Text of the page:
We asked our NextUp members to come up with some questions for stand-up comedian Joz Norris, and here are his beautifully detailed answers. *Please note that NextUp may receive a small percentage of any revenue generated by any sales of turtle-necks, anywhere, forever.
1. If you were to start a cult, what would it be called and what would its top three commandments be?
I think I struggle with my ego a lot as it is, and making a cult is ultimately always quite a selfish thing to do, so I would need my cult to at least TRY to disguise the fact that it was secretly all about me. So it would be called something like “Precious Friends Getting Out Of The House And Giving Their Love To One And All” and two of the top commandments would be along the lines of “Don’t forget to have a good time!” and “Nurture something every day – a friendship, a plant, anything! – and you will really be nurturing yourself” but the third commandment would be “Isn’t the cult leader handsome? Get him a Dr. Pepper.”
2. Who would be your double-act partner if you could choose anyone (alive or dead) and why?
Does Gonzo from the Muppets count as a comedian? Technically, Fozzie is a comedian and Gonzo is a sort of performance-artist/stuntman, so I think he can be my answer. But yeah, I would 100% do a double-act with Gonzo. He’s the most famous person I can think of who I reckon feels the same way about life as I do, though I’m sure everybody who grew up watching the Muppets and felt a bit lonely and a bit weird thinks that.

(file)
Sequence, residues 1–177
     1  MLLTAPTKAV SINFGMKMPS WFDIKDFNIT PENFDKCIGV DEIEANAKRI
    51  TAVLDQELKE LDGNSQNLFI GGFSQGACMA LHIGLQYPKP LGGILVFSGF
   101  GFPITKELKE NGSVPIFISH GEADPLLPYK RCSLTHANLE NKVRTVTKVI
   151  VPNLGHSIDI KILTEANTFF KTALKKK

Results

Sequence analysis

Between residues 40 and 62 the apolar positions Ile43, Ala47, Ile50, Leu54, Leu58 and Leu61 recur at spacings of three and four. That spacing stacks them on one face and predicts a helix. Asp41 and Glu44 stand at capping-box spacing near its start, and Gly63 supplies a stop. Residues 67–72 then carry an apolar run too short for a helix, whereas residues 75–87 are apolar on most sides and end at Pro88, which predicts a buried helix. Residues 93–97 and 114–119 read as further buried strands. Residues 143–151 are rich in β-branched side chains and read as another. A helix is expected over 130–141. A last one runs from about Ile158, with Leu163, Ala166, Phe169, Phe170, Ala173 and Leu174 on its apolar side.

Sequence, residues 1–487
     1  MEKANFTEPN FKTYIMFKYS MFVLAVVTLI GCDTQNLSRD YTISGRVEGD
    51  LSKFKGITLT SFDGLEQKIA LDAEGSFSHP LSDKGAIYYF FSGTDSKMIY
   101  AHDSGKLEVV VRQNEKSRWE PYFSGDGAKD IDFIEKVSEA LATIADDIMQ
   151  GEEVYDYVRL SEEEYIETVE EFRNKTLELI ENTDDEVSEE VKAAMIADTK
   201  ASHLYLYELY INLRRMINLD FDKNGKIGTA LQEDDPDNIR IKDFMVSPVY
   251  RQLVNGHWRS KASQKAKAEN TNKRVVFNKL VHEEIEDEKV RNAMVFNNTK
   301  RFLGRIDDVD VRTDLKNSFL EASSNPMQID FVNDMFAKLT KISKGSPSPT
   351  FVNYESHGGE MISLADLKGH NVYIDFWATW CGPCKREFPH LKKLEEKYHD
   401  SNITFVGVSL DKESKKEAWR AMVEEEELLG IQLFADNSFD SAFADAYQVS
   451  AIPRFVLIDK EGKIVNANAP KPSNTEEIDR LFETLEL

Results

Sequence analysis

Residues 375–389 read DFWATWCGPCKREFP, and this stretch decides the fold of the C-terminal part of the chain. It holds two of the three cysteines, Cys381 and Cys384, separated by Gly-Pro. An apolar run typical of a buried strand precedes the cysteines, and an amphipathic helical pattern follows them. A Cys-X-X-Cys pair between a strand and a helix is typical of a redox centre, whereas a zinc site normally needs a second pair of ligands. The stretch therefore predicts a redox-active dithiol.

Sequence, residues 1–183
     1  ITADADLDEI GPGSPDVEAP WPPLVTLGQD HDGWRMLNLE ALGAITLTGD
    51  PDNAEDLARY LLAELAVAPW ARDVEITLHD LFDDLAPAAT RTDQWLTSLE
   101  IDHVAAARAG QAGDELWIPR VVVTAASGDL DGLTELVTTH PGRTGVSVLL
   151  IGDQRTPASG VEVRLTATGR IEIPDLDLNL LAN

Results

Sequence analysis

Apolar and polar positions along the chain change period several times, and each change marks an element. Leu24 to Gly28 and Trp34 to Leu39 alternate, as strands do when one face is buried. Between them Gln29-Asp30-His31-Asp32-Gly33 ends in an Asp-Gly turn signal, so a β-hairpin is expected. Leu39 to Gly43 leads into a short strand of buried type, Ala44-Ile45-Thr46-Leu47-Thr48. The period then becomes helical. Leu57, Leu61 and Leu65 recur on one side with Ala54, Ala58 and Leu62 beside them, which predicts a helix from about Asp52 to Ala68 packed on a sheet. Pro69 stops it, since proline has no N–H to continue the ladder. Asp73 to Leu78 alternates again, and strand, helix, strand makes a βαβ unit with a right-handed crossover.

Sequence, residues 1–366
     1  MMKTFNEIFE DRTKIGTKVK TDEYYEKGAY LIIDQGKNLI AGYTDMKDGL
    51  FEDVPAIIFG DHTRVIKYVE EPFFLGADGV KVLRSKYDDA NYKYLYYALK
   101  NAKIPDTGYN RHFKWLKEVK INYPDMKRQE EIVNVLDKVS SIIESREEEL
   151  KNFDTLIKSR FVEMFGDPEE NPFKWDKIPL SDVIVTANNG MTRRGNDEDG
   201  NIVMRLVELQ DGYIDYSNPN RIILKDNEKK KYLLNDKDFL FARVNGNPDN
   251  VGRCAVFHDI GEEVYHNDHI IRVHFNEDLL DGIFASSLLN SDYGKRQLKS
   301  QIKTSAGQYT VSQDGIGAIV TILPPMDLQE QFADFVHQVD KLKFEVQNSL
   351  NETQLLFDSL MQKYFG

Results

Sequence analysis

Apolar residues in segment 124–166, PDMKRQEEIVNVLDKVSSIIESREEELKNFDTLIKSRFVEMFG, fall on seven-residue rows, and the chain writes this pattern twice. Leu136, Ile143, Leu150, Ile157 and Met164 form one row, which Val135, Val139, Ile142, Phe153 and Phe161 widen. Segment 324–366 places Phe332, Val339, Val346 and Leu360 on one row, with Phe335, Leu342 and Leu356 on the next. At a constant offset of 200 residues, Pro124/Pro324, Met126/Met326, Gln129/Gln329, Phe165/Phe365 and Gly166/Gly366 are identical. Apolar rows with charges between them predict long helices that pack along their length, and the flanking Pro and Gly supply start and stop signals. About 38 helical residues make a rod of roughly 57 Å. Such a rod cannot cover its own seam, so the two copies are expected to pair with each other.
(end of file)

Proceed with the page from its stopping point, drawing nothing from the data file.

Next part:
There’s that bit in the 2011 film where Walter says to Gonzo “When I was a kid I saw you drive your motorbike through a flaming hoop while reciting Hamlet and it made me feel like I could do anything,” and every time I see that I burst into tears.
3. What’s your best tip for budding comedians?
Make sure you’re not doing this because you’re trying to get somewhere. Make sure you’re doing it because, right now, there is nothing else you want to do, or even CAN do. Make sure you’re doing it because there’s something inside you that you can’t put your finger on or express, an itch that only gets scratched when you do this. If you feel like that, and you keep following that feeling, you’ll probably become brilliant.